nep-for New Economics Papers
on Forecasting
Issue of 2012‒02‒08
six papers chosen by
Rob J Hyndman
Monash University

  1. Evaluating point and density forecasts of DSGE models By Wolters, Maik Hendrik
  2. Forecasting Data Vintages By Tara M. Sinclair
  3. The Impact of Seasonal and Price Adjustments on the Predictability of German GDP Revisions By Jens Boysen-Hogrefe, Stefan Neuwirth
  4. Agricultural Banking and Early Warning Models for the Bank Failures of the Late 2000s Great Recession By Li, Xiaofei; Escalante, Cesar L.; Epperson, James E.; Gunter, Lewell F.
  5. Predicting soil erosion risk at the Alqueva dam watershed By Ferreira, Vera; Panagopoulos, Thomas
  6. Nonlinear expectations in speculative markets - Evidence from the ECB survey of professional forecasters By Reitz, Stefan; Rülke, Jan-Christoph; Stadtmann, Georg

  1. By: Wolters, Maik Hendrik
    Abstract: This paper investigates the accuracy of point and density forecasts of four DSGE models for inflation, output growth and the federal funds rate. Model parameters are estimated and forecasts are derived successively from historical U.S. data vintages synchronized with the Fed’s Greenbook projections. Point forecasts of some models are of similar accuracy as the forecasts of nonstructural large dataset methods. Despite their common underlying New Keynesian modeling philosophy, forecasts of different DSGE models turn out to be quite distinct. Weighted forecasts are more precise than forecasts from individual models. The accuracy of a simple average of DSGE model forecasts is comparable to Greenbook projections for medium term horizons. Comparing density forecasts of DSGE models with the actual distribution of observations shows that the models overestimate uncertainty around point forecasts.
    Keywords: DSGE models; forecasting; model uncertainty; forecast combination; density forecasts; real-time data; Greenbook
    JEL: E0 E32 C53 E31 E37
    Date: 2012–01–23
  2. By: Tara M. Sinclair (George Washington University)
    Abstract: This article provides a discussion of Clements and Galvão’s “Forecasting with Vector Autoregressive Models of Data Vintages: US output growth and inflation.” Clements and Galvão argue that a multiple-vintage VAR model can be useful for forecasting data that are subject to revisions. Clements and Galvão draw a “distinction between forecasting future observations and revisions to past data,” which brings yet another real time data issue to the attention of forecasters. This comment discusses the importance of taking data revisions into consideration and compares the multiple-vintage VAR approach of Clements and Galvão to a state-space approach.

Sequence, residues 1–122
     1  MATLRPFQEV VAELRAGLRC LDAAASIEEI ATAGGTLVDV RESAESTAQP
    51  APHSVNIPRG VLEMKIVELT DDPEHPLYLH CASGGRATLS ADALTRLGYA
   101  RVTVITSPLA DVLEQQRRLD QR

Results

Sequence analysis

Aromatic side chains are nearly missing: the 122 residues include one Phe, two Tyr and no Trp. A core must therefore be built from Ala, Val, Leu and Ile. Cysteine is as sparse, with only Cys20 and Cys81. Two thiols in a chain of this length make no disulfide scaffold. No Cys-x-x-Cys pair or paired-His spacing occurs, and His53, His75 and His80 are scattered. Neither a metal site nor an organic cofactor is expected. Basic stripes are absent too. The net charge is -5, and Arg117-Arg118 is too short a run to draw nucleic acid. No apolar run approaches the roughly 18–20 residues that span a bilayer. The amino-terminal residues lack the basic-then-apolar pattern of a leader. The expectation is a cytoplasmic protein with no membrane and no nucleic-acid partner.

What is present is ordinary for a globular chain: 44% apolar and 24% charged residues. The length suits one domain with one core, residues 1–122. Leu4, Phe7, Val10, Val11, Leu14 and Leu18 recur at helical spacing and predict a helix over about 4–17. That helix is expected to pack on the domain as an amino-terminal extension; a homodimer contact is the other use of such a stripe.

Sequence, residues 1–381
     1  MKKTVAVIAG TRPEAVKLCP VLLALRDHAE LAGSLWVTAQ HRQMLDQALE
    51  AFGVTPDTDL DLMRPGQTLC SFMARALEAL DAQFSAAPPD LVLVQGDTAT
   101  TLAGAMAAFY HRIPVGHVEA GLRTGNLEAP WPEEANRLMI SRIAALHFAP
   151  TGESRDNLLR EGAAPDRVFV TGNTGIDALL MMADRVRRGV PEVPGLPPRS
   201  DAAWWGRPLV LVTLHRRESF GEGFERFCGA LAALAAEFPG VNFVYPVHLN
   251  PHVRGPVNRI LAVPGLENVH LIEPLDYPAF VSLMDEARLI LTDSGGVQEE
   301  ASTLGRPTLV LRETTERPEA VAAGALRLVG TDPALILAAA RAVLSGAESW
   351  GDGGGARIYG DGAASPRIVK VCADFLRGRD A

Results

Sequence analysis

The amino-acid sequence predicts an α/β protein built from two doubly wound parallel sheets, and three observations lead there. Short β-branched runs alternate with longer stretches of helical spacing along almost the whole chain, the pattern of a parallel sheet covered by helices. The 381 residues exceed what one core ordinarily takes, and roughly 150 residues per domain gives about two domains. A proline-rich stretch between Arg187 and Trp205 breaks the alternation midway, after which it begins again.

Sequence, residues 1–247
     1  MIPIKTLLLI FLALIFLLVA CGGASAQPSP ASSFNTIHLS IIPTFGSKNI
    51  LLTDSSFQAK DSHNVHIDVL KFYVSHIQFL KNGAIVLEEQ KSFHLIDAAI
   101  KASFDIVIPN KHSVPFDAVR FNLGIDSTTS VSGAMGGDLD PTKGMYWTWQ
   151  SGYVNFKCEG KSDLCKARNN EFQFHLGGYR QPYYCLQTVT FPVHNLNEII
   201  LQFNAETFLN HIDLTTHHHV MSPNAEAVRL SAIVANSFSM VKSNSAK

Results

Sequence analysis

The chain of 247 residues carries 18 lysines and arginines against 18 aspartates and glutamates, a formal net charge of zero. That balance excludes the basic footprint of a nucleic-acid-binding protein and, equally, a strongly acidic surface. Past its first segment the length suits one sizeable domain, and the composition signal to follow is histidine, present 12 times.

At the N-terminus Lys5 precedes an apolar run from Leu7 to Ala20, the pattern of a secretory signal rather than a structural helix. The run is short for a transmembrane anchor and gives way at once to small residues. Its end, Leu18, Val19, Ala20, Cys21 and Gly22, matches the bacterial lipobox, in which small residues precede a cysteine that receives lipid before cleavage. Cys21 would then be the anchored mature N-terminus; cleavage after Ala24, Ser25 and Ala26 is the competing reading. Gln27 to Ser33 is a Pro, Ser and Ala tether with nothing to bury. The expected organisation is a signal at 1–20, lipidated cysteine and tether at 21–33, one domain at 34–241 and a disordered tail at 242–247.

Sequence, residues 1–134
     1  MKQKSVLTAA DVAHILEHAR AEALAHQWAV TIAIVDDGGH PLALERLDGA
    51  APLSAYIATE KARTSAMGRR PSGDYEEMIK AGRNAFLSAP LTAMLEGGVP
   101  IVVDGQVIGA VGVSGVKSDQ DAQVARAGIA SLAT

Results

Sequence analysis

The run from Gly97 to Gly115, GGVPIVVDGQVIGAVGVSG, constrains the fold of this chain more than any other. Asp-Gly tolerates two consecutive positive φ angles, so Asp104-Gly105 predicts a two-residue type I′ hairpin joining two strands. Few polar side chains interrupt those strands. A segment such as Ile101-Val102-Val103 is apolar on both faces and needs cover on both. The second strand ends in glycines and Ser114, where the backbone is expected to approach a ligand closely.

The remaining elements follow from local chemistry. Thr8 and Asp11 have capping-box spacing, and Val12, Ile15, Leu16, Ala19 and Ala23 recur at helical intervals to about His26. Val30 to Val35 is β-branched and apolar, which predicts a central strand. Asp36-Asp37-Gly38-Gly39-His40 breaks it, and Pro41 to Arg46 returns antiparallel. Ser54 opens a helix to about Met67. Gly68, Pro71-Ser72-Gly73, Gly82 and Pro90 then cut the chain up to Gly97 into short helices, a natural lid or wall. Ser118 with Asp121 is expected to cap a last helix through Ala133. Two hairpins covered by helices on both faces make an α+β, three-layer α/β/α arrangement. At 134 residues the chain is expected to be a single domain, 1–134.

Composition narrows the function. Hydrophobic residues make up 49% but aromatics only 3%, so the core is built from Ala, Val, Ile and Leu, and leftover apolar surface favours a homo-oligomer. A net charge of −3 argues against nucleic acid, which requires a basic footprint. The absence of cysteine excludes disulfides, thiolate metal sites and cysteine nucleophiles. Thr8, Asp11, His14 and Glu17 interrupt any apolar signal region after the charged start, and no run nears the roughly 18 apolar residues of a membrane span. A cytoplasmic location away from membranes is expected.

Keywords: Real time data, Evaluating forecasts, Forecasting practice, Time series, Econometric models
    JEL: C53
    Date: 2012–01
  3. By: Jens Boysen-Hogrefe, Stefan Neuwirth
    Abstract: Releases of the GDP are subject to revisions over time. This paper examines the predictability of German GDP revisions using forecast rationality tests. Previous studies of German GDP covering data until 1997 finds that revisions of real seasonally adjusted GDP are predictable. This paper uses a newly available real-time data to analyze the revisions of real seasonal adjusted GDP, of nominal unadjusted GDP, of the seasonal pattern, and of the GDP deflator for the period between 1992 and 2006. We find that the revisions of the nominal unadjusted GDP are unpredictable, but that the revisions of the price adjustments are predictable. Nevertheless, revisions of real seasonally adjusted GDP are hardly predictable and less well predictable compared to earlier studies. This lower predictability seems to be linked to the finding that revisions of seasonal adjustments are hardly predictable, too, and that their predictability decreased over time